During their initial meeting, Oppenheimer suggested to Lauck that his agency prepare a plan for creating a new image for diamonds among Americans. He assured him that De Beers had not contacted any other American advertising agency with this proposal, and if the N. W. Ayer plan met with his father's approval, it would be the exclusive agents for the placement of the newspaper and radio advertisements in the United States. Moreover, Oppenheimer offered to underwrite the costs of the research necessary for developing the scheme. Lauck, envisioning a new and potentially lucrative account, instantly accepted the offer.
In their subsequent investigation into the American diamond market, N. W. Ayer's staff found that ever since the end of World War I in 1919, there had been a consistent decline in both the number and the quality of the diamonds sold in America. During this nineteen-year period, the total number of diamonds, measured in carats, had declined by 50 percent; while the price of the diamonds, measured in dollar value, had declined by nearly 100 percent. This suggested that well before the Depression, Americans had begun buying poorer quality and cheaper diamonds. They concluded, according to an Ayer memo, that the present depressed state of the market for diamonds was "the result of the economy, changes in social attitudes and the promotion of competitive luxuries."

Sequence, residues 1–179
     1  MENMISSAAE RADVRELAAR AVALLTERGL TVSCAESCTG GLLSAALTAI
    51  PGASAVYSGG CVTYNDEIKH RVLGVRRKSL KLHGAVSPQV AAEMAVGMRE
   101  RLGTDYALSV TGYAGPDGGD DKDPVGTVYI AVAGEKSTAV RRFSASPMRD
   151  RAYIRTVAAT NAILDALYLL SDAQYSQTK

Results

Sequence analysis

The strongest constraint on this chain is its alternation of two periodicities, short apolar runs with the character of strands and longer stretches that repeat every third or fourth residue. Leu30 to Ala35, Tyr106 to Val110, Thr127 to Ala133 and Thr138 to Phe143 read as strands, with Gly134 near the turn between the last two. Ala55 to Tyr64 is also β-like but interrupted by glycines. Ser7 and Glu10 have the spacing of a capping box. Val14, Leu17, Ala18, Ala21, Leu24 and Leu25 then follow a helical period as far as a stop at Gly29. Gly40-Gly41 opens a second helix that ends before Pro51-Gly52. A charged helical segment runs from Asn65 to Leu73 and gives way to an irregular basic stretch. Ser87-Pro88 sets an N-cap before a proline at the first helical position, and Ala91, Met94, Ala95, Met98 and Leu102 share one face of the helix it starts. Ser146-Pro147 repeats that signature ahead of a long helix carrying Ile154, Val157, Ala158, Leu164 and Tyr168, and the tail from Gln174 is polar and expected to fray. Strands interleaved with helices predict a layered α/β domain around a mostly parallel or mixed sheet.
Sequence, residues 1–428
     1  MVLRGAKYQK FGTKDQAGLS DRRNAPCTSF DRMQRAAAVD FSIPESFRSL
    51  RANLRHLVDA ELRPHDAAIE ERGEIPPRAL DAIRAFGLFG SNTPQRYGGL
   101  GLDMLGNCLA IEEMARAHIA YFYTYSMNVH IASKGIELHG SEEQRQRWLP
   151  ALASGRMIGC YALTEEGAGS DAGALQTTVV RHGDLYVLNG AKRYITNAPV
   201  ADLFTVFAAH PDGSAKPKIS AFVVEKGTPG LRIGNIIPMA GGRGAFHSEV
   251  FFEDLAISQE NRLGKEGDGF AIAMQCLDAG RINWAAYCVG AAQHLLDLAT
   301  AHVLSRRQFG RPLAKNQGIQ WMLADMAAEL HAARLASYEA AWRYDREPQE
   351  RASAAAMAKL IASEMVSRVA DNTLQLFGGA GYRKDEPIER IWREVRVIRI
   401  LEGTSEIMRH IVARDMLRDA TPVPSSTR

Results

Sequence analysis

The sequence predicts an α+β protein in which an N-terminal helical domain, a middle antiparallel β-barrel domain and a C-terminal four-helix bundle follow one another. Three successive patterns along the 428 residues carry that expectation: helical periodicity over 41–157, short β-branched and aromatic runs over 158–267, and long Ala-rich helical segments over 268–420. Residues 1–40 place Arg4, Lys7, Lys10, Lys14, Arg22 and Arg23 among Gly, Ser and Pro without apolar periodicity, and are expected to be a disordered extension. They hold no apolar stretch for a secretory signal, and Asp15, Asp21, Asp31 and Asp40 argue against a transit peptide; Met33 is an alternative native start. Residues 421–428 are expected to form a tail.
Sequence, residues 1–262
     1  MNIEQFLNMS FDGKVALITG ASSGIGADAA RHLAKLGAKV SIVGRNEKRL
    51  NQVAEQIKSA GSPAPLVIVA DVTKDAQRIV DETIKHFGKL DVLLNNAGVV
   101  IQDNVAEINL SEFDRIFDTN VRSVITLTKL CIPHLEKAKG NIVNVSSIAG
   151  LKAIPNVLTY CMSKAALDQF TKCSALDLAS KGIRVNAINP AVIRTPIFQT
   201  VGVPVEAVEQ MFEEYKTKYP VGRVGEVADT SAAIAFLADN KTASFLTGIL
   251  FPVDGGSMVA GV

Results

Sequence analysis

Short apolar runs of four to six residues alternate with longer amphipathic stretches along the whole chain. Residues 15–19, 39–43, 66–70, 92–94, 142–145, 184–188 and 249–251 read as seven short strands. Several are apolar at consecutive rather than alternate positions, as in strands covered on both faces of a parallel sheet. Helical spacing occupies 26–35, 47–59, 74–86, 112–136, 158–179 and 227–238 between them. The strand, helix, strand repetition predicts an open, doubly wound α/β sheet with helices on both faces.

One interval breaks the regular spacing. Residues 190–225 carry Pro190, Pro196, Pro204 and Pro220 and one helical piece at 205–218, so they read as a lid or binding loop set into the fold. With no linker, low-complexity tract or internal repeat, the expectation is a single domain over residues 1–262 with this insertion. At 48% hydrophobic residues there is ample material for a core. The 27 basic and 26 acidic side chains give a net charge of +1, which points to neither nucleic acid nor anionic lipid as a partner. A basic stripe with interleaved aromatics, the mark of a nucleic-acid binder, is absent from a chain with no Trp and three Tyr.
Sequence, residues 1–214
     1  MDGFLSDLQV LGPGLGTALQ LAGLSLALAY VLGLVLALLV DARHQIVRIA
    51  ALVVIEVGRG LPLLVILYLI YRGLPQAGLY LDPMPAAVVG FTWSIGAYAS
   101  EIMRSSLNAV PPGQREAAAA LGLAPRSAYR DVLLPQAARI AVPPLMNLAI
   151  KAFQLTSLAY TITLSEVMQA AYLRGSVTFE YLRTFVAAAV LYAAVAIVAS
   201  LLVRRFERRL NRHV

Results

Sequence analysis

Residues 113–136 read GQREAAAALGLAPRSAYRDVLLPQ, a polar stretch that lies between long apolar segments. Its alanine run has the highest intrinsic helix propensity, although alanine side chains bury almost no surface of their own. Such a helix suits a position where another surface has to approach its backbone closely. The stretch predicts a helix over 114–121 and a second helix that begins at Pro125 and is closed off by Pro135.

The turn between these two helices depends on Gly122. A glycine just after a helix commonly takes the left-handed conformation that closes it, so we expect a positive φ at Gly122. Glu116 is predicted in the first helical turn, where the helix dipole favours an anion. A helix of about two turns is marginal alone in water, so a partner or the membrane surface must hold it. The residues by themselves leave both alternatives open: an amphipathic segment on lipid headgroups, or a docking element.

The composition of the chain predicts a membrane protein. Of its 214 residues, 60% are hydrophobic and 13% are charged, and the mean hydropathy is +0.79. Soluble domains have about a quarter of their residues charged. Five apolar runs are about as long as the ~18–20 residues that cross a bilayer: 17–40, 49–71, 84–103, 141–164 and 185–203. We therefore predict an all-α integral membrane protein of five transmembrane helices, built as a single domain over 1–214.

Although it could do little about the state of the economy, N. W. Ayer suggested that through a well-orchestrated advertising and public relations campaign, it could significantly alter the "social attitudes" of the public at large and thereby channel American spending toward larger and more expensive diamonds instead of "competitive luxuries." Specifically, the Ayer study stressed the need to vitalize the association in the public's mind between diamonds and romance. Since "young men buy over 90% of all engagement rings," it would be crucial to inculcate in them the idea that diamonds were a gift of love: the larger and finer the diamond, the greater the expression of love. Similarly, young women had to be encouraged to view diamonds as an integral part of any romantic courtship. The study found that there was already an increasing number of marriages among middle-income wage-earners who were "the backbone of the diamond market," and that, if properly cultivated, this trend could provide fertile grounds for diamond sales in the future.